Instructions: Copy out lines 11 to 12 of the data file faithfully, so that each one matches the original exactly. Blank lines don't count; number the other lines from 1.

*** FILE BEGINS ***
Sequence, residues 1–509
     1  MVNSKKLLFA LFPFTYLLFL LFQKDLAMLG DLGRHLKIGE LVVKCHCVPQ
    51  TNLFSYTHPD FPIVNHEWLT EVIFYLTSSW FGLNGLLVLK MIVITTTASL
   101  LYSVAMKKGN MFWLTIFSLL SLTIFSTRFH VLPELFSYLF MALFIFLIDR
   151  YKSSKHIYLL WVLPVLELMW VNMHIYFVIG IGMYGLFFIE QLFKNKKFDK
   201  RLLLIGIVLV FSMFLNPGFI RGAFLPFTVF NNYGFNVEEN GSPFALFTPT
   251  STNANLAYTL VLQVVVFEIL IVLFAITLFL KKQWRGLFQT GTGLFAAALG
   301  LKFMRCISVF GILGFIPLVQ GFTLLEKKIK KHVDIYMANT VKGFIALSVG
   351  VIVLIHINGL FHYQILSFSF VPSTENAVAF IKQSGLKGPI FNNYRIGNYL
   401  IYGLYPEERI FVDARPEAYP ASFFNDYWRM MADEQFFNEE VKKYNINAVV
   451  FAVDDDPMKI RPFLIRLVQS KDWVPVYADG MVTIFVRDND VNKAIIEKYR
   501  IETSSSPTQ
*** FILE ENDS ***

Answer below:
   451  FAVDDDPMKI RPFLIRLVQS KDWVPVYADG MVTIFVRDND VNKAIIEKYR
   501  IETSSSPTQ